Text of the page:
What you need:

  • saucepan

  • frying pan

  • chopping board

  • chopsticks (or if chopsticks aren’t available, a fork will do)

  • strainer

What goes in:

  • pre-packed udon noodles

  • japanese fish cake

  • soft tofu or tofu of choice

  • yakiniku sauce

  • sesame oil

  • fresh spring onions

  • red onion

  • garlic

  • pink salt

  • sesame seeds

  • ground pepper

  • coconut oil

What to do:

  1. Start the water to boil. Once the water is at a boil. Throw in the pre-packed udons, cook for a few minutes before emptying into a strainer.

  2. Chop up the spring onions, red onion, and garlic. Throw the ends of three strands and chop the rest of the spring onions. Dice up the garlic until fine.

  3. Heat up the frying pan at medium heat. Add the tablespoon of virgin coconut oil along with the garlic and red onion, cook until browned. Then add a pinch of pink salt and ground pepper.

  4. Once the garlic and red onion is browned, throw in the udon and add about four tablespoons of yakiniku sauce and two tablespoons of sesame oil, or to taste. Sprinkle some sesame seeds before adding the tofu. Using the chopsticks to mix all the ingredients in and lacquer the noodles with the delicious juice in the pan.

  5. All that’s left, is to sprinkle fresh spring onions!

Time to enjoy this grub!

What makes this recipe special is the sweet touch of coconut oil. Coconut oil adds an unexpected but incredibly pleasant sweetness to the dish. As usual, just another recipe made on a whim, dictated by my loving tummy.

 

Spiral Anchovy Basil Pasta

 

Pasta is one of the most versatile ingredients around and I absolutely love it! You can really do anything with pasta (although the Italians out there might cringe at this statement).

I’ve always loved the classic aglio olio. A lot of why I love it so much is because it’s not so heavy on the sauce. In an aglio olio dish you’re really able to appreciate the texture and flavor of the pasta itself, without the clutter of the heavy sauces! The classic aglio olio dish is what has inspire this dish. Enjoy!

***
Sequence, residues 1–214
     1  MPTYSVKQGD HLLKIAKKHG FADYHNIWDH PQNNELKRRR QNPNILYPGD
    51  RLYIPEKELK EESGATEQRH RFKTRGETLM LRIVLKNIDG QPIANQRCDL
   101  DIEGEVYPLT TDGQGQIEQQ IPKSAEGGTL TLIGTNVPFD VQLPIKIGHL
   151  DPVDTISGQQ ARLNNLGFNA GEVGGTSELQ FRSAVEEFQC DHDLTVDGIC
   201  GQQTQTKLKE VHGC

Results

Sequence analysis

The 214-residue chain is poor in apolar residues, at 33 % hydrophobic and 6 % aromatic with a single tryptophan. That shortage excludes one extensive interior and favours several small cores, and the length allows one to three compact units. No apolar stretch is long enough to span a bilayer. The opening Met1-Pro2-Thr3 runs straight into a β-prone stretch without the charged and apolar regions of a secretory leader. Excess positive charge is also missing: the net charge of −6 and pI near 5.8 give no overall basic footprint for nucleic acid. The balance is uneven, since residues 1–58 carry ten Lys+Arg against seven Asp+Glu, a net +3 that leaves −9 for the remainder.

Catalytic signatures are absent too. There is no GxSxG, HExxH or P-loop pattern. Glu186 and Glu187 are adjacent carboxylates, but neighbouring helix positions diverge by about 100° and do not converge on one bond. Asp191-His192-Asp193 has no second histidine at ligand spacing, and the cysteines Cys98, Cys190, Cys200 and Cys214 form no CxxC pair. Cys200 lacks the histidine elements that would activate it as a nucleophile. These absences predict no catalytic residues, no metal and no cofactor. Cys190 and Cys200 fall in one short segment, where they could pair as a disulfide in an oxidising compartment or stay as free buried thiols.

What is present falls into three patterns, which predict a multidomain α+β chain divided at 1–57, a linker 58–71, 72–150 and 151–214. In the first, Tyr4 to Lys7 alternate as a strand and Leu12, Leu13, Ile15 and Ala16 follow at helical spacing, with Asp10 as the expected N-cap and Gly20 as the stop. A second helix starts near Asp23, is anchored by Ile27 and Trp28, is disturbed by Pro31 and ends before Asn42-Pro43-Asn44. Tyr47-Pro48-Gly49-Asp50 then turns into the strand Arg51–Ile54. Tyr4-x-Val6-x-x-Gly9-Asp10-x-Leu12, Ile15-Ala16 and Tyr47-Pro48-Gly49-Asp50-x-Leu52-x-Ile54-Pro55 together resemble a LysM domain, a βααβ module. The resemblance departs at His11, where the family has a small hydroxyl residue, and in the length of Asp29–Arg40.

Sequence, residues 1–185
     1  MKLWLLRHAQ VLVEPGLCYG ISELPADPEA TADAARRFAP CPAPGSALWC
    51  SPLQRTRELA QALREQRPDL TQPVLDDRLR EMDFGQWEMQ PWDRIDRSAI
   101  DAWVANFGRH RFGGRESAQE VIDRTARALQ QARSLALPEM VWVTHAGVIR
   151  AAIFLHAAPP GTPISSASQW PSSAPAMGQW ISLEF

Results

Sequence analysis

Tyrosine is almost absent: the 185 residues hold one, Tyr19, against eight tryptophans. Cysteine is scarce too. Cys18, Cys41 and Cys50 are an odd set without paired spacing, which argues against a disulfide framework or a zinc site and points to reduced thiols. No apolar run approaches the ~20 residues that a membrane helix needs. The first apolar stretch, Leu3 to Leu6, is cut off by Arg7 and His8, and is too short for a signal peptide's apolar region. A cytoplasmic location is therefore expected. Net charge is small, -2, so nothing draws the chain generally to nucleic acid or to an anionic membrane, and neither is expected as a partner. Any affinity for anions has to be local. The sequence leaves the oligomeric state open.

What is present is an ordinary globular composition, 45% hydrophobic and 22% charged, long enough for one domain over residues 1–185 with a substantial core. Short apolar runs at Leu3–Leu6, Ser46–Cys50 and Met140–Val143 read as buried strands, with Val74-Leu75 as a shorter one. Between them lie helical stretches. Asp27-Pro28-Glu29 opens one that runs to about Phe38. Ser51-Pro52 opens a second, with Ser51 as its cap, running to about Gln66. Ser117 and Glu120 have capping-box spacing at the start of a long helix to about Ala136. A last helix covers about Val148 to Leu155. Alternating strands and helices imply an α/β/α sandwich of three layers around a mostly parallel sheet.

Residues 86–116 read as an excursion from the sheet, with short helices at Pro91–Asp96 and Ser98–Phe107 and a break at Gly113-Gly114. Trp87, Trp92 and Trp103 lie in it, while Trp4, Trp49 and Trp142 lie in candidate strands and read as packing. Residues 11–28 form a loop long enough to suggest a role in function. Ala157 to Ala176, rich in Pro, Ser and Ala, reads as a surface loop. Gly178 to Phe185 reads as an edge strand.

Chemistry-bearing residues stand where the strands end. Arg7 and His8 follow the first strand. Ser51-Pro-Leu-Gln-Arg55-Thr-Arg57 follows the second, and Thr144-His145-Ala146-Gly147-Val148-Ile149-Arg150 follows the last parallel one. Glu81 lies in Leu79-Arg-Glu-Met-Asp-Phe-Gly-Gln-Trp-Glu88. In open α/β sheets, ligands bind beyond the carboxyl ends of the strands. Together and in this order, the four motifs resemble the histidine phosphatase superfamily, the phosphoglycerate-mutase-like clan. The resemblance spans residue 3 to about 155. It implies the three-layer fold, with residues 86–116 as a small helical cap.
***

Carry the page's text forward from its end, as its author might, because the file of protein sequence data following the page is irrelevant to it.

What you need:

  • pot

  • saucepan

  • spatula

  • food processor and/or chopping board

  • sharp knife

  • strainer (not necessary, but makes draining the pasta a lot easier)

What goes in:

  • brown rice vegetable spiral pasta

  • half of a green and yellow capsicum

  • a handful of fresh basil

  • sundried tomatoes

  • small can of anchovies

  • two cloves of garlic

  • two small chillies (or to taste)

  • pink salt

  • ground black pepper

  • virgin olive oil

What to do:

I like to chop most of my raw ingredients first and get everything ready before heading for the stove. It keeps me organized throughout the steps and helps me to avoid over cooking the pasta.

  1. Place two cloves of peeled garlic and the two chillies into the food processor, add a dash of salt and pepper and blend until fine. Then empty out the food processor. Alternatively, chop both ingredients until fine and season with salt and pepper. Place the ingredients aside once completed.

  2. Add the fresh basil, anchovies, and sun dried tomatoes into the food processor and pulse until fine. Alternatively chop all ingredients until fine. Make sure to add a dash of salt and pepper as well.

  3. Add water, a dash of virgin olive oil, and a dash of salt into the pot. Start heating the pot.

  4. Use the chopping board to chop half of a capsicum into small dices. Alternatively, instead of using two halves using one whole capsicum works as well.

  5. Once the water starts to boil add in the pasta. Cook for a couple of minutes. Stir the pot once in awhile. Note: Make sure not to boil the pasta for too long. You want to end up with an al dente pasta not a soggy pasta. Remember after boiling, the pasta will be cooked more with the other ingredients.

  6. Pour the pasta into a strainer to drain and leave a little of the starchy water in the pot. Let both rest aside.

  7. Heat the saucepan on a medium to low heat and add a dash of olive oil. Add the garlic and chillies and cook until the garlic browns. Once browned add the basil mixture into the saucepan and mix well.

  8. Add in the cooked pasta, a dash of the starchy water, and some olive oil. Mix well until all the pasta is coated well with the mixture.  Taste and add a dash of salt and pepper if needed.

And it’s time to plate!